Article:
their careers or standing in the United Methodist Church, at least 164 clergy and six
congregations from Long Island to the Catskill Mountains and southern
Connecticut are vowing to marry same-sex couples.
We have the tendency to define adulthood, and even ourselves, by our employment and our ability to exist independently. But in our difficult economic situation, isn't it time to rely on our rich theology and redefine our notions of self?
When I held my first grandchild in my arms, my perception of time was transformed. I began to ponder what his life would be like. I reflected on how it would be shaped by our responses to the challenges we are facing today—global climate change, economic uncertainty, nanosecond technology and the eclipse of the American empire.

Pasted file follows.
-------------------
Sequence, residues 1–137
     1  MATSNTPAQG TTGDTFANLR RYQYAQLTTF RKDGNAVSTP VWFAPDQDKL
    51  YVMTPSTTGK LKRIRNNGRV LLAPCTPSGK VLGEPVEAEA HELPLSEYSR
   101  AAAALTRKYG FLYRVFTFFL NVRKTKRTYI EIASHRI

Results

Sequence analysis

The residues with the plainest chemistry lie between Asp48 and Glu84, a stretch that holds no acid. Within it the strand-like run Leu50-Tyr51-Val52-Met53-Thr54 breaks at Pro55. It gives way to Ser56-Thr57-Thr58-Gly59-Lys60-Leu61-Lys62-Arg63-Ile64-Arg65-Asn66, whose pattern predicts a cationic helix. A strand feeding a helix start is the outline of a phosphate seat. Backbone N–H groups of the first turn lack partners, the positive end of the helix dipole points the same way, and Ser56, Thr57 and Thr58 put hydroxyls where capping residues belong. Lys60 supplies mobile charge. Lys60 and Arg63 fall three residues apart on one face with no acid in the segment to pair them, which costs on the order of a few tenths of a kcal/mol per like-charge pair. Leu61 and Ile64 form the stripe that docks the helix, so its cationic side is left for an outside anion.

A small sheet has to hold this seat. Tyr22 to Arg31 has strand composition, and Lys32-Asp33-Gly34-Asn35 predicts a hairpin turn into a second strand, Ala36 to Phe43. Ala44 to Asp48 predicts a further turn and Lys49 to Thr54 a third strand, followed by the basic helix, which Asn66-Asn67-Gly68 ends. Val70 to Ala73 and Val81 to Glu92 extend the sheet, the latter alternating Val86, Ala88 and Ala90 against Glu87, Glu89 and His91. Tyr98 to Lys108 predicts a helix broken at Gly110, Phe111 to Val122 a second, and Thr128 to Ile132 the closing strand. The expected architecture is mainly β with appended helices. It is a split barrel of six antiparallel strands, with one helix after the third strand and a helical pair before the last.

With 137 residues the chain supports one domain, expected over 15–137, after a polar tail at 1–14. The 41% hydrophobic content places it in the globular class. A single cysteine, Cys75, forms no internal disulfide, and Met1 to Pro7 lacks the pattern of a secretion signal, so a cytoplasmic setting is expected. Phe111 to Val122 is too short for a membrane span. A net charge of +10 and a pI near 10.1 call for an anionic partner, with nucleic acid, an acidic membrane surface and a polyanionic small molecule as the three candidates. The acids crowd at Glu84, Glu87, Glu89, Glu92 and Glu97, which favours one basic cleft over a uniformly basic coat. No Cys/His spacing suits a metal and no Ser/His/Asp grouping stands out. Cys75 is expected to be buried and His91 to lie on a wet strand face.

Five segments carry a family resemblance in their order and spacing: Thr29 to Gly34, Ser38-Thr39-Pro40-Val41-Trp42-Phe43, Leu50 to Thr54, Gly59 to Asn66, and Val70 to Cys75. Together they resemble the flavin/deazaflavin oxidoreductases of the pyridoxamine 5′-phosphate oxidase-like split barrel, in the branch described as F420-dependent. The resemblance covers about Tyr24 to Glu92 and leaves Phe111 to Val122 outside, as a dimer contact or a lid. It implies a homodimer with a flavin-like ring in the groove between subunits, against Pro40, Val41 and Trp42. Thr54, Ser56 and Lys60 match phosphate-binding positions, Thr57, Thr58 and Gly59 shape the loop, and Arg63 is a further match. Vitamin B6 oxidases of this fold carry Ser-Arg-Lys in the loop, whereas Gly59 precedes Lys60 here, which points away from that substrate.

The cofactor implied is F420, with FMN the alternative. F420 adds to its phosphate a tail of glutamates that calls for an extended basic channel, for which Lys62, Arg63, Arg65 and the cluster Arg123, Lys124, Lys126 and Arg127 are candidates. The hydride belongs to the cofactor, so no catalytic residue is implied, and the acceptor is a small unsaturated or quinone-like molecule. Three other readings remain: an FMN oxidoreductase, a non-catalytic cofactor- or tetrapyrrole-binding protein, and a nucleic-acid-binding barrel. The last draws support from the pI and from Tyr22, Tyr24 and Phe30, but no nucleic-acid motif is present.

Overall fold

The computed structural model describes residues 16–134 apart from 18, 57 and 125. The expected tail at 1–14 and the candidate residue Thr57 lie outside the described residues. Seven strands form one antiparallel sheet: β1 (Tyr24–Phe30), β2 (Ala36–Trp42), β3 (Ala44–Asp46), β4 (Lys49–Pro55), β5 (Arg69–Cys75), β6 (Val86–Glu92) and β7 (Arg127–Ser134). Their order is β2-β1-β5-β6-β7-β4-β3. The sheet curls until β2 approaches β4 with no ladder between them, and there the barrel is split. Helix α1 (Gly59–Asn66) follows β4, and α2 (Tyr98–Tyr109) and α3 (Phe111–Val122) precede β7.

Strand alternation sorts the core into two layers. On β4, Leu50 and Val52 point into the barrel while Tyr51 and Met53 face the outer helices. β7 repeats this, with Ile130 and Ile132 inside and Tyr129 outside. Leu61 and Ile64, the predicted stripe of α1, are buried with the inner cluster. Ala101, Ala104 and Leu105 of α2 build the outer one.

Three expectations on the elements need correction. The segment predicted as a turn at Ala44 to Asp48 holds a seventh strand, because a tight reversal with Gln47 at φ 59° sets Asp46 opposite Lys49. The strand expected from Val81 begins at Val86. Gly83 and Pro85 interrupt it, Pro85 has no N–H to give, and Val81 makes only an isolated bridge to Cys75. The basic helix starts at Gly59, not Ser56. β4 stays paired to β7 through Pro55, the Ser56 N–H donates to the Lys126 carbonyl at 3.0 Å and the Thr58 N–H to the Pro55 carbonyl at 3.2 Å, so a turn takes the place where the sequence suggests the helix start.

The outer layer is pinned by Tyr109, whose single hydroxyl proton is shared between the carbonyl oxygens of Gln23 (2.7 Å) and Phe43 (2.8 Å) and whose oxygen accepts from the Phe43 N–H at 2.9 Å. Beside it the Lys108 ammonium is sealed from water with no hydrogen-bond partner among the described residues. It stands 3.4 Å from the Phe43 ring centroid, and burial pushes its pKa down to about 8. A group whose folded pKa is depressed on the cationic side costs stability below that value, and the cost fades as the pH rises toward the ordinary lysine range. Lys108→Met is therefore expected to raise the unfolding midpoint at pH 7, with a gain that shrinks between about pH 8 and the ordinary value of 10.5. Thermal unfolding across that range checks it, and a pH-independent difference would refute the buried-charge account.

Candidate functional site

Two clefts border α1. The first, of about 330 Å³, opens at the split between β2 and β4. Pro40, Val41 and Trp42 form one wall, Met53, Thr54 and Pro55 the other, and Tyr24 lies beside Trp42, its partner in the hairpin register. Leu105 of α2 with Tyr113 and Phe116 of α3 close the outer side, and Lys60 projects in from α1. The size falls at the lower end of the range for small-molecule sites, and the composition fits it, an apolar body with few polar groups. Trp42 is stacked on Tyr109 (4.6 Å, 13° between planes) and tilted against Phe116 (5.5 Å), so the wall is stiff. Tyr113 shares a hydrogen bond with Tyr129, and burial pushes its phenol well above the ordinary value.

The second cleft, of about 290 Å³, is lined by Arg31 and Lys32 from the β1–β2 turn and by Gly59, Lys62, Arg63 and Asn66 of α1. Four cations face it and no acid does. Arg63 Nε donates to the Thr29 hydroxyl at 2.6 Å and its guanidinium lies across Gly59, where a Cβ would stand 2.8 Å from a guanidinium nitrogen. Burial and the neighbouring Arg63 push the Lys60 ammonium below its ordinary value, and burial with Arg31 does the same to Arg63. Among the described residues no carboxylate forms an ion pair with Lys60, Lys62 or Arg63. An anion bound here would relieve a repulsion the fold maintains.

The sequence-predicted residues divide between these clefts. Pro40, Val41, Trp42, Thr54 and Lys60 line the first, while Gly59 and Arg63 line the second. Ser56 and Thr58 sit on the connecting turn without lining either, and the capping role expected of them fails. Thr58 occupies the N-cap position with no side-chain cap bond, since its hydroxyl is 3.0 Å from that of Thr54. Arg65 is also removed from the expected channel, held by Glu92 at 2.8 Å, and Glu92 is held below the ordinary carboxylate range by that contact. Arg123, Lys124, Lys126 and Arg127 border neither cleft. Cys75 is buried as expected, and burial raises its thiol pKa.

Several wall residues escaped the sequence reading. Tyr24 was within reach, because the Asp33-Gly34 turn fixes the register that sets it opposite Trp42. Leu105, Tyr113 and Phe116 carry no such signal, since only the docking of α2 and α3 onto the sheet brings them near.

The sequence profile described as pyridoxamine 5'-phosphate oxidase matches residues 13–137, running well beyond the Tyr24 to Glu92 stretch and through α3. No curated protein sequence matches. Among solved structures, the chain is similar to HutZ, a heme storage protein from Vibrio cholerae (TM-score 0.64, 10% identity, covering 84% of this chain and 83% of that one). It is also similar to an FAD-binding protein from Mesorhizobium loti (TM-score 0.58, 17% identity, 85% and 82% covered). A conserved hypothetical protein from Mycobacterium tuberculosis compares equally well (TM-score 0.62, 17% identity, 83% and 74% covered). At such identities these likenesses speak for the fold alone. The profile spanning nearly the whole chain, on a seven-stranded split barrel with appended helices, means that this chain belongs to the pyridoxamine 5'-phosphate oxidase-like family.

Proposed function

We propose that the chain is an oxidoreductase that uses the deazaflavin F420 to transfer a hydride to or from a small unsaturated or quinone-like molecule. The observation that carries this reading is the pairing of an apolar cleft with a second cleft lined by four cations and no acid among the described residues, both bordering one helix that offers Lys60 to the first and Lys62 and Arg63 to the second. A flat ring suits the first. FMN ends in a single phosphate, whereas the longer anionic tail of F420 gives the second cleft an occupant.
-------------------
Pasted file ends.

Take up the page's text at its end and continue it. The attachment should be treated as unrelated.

When Stacy Johnson Myers of First Congregational Church in River Falls, Wisconsin, asked illustrator Amy Sands to create 36 images of Bible scenes for the congregation’s faith formation, the results were vivid and engaging. Now Myers has collaborated with Kathryn Brewer to create three books of these colorful images. “There are different kinds of darkness . . .” begins Light in the Darkness, which tells biblical stories from creation through Pentecost with a focus on God’s covenantal relationship with the world. Many congregations across the country are now purchasing copies of the books and prints of the artwork from the congregation’s website (firstchurchrf.org, October 4).